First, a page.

Linked by Thom Holwerda on Thu 16th Feb 2012 14:46 UTC
Mac OS X Well, this is a surprise. Several websites have a preview up of Apple's next Mac OS X release - it's called Mountain Lion, and continues the trend of bringing over functionality from iOS to Mac OS X. Lots of cool stuff in here we've all seen before on iPhones and iPads, including one very, very controversial feature: Gatekeeper. Starting with Mac OS X 10.8, Apple's desktop operating system will be restricted to Mac App Store and Apple-signed applications by default (with an opt-out switch), following in Windows 8's footsteps.
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RE[5]: Comment by kaiwai
by Alfman on Thu 16th Feb 2012 18:31 UTC in reply to "RE[4]: Comment by kaiwai"
Alfman
Member since:
2011-01-28

macUser,

"I agree with you that companies like Apple, and Microsoft (and even Google) are seizing too much control, it is something the masses will willingly give up so they don't have to deal with their machines. Most people just aren't interested in the innards of their computers to care."

Yes, I can agree with that. However there is a very big difference between designing an OS where users don't need to deal with the guts of the machine to use it (obviously good), and designing an OS where users cannot deal with the guts of the machine should they want to (obviously bad).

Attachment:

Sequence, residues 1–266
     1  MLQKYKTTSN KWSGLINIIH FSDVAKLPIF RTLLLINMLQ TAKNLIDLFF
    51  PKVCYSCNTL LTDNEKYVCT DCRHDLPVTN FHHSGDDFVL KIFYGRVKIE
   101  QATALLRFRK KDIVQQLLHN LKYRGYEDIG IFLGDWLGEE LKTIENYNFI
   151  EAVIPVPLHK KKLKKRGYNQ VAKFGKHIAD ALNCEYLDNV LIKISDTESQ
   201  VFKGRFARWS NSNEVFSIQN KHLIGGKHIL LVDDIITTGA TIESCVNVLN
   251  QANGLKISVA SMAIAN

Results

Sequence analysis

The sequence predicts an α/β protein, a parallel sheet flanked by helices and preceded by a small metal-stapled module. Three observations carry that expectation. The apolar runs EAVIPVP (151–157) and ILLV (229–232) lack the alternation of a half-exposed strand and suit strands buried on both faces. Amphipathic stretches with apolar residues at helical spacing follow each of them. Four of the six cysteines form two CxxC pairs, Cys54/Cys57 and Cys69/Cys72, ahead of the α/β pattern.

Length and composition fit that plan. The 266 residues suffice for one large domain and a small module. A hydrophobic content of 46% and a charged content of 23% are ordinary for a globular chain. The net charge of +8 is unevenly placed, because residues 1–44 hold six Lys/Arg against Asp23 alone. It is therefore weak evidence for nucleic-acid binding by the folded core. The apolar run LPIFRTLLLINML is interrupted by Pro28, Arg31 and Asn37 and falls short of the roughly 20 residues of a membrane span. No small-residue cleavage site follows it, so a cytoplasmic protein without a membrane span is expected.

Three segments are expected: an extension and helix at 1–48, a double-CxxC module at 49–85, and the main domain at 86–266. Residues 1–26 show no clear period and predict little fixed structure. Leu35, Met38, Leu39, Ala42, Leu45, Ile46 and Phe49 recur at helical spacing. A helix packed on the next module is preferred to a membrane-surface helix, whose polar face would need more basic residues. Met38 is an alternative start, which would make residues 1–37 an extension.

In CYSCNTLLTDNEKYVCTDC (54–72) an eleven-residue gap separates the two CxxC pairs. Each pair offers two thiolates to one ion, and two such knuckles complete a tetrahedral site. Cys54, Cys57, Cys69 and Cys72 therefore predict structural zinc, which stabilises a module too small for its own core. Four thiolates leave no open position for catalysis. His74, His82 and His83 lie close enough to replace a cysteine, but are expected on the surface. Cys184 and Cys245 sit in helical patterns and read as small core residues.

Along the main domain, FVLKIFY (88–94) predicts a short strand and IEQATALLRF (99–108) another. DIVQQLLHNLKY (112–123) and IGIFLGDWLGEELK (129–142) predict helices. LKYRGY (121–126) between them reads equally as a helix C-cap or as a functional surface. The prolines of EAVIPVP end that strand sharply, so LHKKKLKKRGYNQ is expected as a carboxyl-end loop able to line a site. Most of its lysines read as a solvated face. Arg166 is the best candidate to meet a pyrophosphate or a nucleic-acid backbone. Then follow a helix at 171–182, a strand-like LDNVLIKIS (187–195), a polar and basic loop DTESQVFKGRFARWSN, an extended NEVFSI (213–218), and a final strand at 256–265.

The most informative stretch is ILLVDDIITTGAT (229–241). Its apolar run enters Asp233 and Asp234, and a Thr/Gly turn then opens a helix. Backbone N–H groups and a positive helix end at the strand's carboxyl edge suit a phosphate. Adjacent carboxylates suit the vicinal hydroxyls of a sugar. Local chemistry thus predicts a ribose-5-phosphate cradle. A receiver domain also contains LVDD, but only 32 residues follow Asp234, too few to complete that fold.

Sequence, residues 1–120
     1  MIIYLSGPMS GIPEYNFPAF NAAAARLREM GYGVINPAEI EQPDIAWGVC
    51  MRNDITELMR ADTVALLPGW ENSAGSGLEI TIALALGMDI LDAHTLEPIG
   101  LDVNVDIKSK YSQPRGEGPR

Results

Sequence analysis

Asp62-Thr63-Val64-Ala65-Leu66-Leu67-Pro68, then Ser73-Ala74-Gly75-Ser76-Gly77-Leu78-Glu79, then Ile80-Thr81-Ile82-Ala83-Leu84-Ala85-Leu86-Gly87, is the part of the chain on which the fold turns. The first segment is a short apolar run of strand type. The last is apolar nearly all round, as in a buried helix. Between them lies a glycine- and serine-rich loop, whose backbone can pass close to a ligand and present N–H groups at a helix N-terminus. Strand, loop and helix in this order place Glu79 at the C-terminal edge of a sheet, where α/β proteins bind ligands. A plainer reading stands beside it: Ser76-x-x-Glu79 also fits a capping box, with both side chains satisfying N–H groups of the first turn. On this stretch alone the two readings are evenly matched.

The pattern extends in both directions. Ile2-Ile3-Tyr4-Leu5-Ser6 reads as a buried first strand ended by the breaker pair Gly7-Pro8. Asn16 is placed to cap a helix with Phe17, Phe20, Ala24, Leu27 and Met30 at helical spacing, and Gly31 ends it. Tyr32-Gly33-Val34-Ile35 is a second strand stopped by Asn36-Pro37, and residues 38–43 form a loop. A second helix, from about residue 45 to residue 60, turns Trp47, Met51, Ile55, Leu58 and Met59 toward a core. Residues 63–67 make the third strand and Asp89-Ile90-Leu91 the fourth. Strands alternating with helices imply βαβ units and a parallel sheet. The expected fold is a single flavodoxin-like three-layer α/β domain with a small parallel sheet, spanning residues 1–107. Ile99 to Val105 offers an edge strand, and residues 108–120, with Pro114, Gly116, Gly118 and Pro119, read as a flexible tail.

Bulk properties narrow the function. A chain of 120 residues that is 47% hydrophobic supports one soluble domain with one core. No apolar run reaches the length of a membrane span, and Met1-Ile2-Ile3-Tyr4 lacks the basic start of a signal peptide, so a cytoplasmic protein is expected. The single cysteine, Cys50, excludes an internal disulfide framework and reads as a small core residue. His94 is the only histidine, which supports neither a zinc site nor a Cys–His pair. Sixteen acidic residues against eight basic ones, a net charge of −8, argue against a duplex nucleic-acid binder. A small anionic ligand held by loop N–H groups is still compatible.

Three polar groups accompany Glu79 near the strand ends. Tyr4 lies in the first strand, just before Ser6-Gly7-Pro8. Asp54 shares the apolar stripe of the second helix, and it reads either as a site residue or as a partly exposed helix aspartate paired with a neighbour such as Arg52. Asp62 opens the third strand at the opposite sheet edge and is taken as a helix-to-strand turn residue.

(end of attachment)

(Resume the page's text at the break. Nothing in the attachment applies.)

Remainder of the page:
Keep in mind, even a technophobe has legitimate reasons to install third party software, and should not have to jump around walled garden hoops to do it.

I would much rather see apple & ms develop better application sandboxes which serve to protect the users from nefarious apps than to see them develop walled gardens which are difficult (and even against terms of use) to circumvent.


"Fortunately for those of you who base their bravado on their technical knowledge, there will always be a *nix out there you can do whatever you want with."

So far, for x86 this still seems to be the case. However I'm not sure there will be any commodity consumer-ready ARM hardware with explicit support for *nix. (Anyone?) ARM hardware with a bundled MS OS on them will be explicitly locked down. Ideally, one shouldn't have to break into one's own machine to program it.

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